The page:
Fascia is a thin layer of connective tissue that wraps itself around every muscle, joint and organ in the body. Think of it as a type of plastic or saran wrap for the structures underneath your skin. If you’ve skinned chicken breasts or trimmed meat, you’ve seen it – the whitish thin sheets of tissue between the skin and muscle of the meat. Although fascia is thin, it’s super strong and is responsible for the shape of our body. Often fascia can create tight knots or adhesions which can harden and thicken causing pain and limiting full range of motion. For example, a stiff and painful shoulder can be caused by thickened fascia round the shoulder muscles rather than damage to the shoulder muscle or joint itself.

Although the term fascia has been kicking around the rehabilitation and injury world for a very long time, it is now becoming recognized as an integral component to maintaining a fit, healthy and aligned body. In the last few years the importance of the entire fascial webbing system in the body has been in the spotlight. Something like a spider’s web, the fascial web is an interconnected system in which tension in one part of the body creates distortion for the whole web.

Many practitioners in the health and wellness community including myself, use “myofascial or fascial release” as a form of treatment to eliminate fascial adhesions or “knots” and re-align and rebalance the body.

Although a fascial release session is invaluable to help restore biomechanics and help the body function and move optimally, I often suggest that patients continue this work at home with one simple tool – a foam roller. This rather inexpensive piece of fitness equipment is all that is standing between you and a fascia happy body.

Here’s a great foam rolling infographic with some key exercises to get you started.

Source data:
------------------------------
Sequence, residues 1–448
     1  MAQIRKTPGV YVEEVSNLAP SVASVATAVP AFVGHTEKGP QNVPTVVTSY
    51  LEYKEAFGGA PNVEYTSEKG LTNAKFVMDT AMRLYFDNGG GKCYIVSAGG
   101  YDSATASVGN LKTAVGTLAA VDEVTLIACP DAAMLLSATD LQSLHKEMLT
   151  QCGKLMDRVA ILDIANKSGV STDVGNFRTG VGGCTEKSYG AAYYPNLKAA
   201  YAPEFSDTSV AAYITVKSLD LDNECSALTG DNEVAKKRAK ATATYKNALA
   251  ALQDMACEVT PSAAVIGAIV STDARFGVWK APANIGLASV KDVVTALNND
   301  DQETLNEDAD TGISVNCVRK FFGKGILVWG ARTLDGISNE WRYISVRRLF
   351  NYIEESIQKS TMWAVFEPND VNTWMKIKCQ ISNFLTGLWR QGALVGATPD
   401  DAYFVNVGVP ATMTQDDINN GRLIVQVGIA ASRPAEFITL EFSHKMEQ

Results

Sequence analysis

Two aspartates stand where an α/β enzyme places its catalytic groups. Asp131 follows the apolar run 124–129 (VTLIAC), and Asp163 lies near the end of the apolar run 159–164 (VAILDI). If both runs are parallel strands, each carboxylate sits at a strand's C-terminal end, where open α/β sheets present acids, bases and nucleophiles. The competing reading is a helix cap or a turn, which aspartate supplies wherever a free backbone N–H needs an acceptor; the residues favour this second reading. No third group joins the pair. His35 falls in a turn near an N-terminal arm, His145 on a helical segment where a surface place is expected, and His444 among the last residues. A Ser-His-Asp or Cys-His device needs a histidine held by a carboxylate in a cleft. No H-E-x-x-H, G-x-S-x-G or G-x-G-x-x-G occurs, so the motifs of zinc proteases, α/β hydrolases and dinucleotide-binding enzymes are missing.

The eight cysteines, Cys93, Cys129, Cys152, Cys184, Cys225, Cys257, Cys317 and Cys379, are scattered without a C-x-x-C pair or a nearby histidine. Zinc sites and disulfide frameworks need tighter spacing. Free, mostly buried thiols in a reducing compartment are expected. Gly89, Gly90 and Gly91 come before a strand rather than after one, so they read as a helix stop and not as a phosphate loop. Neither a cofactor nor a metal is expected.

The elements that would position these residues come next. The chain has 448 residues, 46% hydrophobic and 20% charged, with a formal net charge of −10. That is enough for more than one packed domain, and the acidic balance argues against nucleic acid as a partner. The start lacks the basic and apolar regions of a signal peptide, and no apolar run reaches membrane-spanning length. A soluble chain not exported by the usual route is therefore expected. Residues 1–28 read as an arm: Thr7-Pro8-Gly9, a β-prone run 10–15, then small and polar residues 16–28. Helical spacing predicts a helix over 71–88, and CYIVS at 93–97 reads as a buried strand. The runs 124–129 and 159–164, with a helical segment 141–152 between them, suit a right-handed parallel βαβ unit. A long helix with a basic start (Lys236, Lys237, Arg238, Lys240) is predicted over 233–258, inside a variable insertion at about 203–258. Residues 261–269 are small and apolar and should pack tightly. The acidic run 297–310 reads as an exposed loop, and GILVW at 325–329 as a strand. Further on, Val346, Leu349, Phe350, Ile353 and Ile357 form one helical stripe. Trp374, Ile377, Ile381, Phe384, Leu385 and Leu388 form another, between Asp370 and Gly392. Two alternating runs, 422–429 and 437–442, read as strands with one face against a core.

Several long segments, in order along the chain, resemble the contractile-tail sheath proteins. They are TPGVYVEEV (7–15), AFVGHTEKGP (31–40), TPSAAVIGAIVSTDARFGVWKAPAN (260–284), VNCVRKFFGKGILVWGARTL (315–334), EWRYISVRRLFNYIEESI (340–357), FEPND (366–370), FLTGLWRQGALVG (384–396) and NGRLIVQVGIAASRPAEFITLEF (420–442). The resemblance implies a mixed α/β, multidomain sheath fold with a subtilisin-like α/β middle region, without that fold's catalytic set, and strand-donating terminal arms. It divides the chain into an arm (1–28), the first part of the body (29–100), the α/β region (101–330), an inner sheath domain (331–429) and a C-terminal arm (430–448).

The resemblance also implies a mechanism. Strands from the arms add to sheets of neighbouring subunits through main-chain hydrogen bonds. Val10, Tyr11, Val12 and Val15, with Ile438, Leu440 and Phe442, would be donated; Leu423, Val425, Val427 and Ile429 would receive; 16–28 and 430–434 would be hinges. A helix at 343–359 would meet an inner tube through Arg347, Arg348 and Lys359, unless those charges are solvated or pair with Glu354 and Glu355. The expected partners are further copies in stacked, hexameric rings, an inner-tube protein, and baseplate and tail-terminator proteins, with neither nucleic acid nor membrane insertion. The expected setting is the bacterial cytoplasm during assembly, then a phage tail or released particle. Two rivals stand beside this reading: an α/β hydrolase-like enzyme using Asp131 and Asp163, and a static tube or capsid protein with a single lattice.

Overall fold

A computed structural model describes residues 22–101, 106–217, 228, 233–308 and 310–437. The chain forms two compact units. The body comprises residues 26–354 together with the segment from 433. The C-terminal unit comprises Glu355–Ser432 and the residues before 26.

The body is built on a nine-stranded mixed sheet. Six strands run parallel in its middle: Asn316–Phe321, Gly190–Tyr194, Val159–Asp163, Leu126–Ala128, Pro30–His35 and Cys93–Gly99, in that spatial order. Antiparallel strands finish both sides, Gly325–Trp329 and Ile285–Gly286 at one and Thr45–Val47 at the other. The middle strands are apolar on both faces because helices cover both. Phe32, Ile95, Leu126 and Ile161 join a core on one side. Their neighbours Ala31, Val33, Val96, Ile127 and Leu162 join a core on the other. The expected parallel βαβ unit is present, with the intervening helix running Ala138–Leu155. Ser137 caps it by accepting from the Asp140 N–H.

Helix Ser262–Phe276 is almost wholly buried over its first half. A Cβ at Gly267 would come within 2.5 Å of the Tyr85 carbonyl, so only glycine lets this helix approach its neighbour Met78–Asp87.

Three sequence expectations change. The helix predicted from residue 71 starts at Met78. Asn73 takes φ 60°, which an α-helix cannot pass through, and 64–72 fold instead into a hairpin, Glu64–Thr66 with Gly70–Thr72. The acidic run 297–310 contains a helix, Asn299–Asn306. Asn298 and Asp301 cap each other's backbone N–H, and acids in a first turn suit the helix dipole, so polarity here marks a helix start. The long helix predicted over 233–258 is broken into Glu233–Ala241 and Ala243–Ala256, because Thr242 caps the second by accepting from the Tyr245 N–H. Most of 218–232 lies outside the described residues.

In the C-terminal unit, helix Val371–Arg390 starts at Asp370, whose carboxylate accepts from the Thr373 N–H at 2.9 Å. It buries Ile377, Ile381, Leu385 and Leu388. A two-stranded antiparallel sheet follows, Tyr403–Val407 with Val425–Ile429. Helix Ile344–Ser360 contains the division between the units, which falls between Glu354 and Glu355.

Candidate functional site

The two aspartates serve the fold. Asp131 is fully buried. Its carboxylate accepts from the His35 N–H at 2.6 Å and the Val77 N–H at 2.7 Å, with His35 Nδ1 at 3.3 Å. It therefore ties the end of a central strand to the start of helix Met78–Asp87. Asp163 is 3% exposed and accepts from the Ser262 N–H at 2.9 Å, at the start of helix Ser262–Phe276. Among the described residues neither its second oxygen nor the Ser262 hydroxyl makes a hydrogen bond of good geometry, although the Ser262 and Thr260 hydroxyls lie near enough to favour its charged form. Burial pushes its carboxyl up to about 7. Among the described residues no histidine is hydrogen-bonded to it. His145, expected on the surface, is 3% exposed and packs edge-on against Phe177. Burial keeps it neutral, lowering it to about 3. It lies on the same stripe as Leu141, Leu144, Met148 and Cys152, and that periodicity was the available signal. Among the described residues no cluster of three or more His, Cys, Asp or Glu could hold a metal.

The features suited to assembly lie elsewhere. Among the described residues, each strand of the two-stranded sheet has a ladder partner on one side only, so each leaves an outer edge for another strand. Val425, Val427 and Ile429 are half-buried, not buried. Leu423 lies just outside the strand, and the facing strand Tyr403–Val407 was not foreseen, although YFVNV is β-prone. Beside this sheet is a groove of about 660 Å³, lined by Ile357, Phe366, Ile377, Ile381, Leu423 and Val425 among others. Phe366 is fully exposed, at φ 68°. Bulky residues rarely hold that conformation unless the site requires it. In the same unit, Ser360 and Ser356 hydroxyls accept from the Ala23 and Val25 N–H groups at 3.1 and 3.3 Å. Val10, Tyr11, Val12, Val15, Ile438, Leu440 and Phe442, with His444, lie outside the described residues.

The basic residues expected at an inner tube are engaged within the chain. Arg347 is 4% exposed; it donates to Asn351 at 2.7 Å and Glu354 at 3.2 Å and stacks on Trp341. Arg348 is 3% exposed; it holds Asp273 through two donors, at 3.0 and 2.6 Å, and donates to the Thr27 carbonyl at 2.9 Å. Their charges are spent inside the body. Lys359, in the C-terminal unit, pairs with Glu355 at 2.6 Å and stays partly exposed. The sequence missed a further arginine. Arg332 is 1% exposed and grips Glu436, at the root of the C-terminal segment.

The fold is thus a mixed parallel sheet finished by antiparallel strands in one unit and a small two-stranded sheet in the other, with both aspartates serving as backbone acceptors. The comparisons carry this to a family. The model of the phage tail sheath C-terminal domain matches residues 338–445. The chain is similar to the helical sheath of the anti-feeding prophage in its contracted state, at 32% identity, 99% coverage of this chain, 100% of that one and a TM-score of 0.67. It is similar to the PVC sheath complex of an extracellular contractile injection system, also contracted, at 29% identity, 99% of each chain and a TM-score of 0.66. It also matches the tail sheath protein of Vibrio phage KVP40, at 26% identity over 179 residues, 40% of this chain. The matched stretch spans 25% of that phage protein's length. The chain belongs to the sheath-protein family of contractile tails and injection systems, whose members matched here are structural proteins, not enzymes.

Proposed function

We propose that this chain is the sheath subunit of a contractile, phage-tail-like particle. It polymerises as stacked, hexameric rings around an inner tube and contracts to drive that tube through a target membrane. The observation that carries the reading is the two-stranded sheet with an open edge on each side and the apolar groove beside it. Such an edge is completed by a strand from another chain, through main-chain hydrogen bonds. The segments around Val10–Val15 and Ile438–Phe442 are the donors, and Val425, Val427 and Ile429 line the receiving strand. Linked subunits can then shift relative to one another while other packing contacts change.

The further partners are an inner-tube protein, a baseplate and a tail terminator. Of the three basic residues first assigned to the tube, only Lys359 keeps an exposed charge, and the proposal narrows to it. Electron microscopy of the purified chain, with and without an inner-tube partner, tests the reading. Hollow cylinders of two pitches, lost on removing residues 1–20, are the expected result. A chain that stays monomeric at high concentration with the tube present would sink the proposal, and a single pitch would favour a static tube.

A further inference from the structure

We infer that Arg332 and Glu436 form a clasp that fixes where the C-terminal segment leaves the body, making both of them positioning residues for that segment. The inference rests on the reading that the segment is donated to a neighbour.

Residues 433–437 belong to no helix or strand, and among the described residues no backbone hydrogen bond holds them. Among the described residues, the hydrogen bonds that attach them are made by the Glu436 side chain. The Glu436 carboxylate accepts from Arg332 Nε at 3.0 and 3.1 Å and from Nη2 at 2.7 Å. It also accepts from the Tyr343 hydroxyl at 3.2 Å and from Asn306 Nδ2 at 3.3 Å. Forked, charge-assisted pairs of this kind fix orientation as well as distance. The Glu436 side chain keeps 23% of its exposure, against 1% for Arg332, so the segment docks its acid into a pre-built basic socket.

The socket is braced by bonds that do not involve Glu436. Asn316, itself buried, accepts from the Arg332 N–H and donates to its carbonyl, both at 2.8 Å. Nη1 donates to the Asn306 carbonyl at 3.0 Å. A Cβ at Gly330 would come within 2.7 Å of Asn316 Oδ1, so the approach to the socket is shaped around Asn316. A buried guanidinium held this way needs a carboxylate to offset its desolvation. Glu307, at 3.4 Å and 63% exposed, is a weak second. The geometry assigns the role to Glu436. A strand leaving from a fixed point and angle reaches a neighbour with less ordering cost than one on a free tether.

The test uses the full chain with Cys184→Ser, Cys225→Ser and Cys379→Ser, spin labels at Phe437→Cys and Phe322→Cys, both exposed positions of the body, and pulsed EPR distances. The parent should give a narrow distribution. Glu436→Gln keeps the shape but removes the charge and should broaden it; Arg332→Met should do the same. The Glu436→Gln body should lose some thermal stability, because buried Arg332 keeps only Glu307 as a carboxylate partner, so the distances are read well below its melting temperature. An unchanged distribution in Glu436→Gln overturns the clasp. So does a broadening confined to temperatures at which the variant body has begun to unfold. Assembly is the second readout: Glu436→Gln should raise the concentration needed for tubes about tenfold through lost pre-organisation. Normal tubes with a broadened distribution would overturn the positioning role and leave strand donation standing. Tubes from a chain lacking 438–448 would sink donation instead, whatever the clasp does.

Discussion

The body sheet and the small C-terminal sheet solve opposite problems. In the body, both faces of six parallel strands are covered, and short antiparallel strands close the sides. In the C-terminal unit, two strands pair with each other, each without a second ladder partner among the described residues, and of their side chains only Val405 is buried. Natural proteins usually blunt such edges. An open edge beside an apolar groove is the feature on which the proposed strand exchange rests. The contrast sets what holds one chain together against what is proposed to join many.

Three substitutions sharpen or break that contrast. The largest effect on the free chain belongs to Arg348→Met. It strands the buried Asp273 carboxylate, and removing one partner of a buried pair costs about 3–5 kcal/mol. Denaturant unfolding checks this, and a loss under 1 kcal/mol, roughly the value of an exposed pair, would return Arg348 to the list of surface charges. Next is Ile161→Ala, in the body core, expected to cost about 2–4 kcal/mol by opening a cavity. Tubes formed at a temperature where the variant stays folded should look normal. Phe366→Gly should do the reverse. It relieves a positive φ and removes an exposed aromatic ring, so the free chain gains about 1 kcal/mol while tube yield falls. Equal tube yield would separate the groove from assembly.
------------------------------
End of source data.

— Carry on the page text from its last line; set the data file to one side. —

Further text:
Happy Rolling!

How to Foamroll Infographic

Infographic found on

Health + Wellness

New Season – New you! Spring into Activity!

It’s the first week of March!  And as I sit nestled on my stool at our kitchen counter with the sunshine pouring in (yay!), I can’t help but get excited about my new fitness goals for this season!

After pretty much hibernating this winter, spring brings more chances to get outdoors and ram up physical activity.  The trick is to ease back into a more active lifestyle – and not overdo it!

Here are some tips to get your body conditioned to more active lifestyle:

  • Stretch: Stretching before and after physical activity helps keep you in action longer. Perhaps even try a dynamic stretch before a run or sports such as soccer and a static stretch after
  • Hydrate: Staying hydrated before, during and even after physical activity helps the body pump more blood to muscles keeping them work efficiently and without injury
  • Sleep: It can be difficult to adjust to the longer days and summer hours in the spring, especially with abrupt daylight savings adjustments.  Sleep deprivation and insomnia often cause injuries and other health problems since a tired body is a weakened body.
  • Eat Well: Adding more activity means a busier schedule!  Don’t forget your fruits and veggies.  The spring season means those heavy comfy meals during winter aren’t needed.  But that doesn’t mean you need less calories!  Be sure to feed your body the good nutrients it needs to sustain your busy lifestyle.

Above all, be sure to set some goals and carve out some time to achieve them this season!  Happy Spring!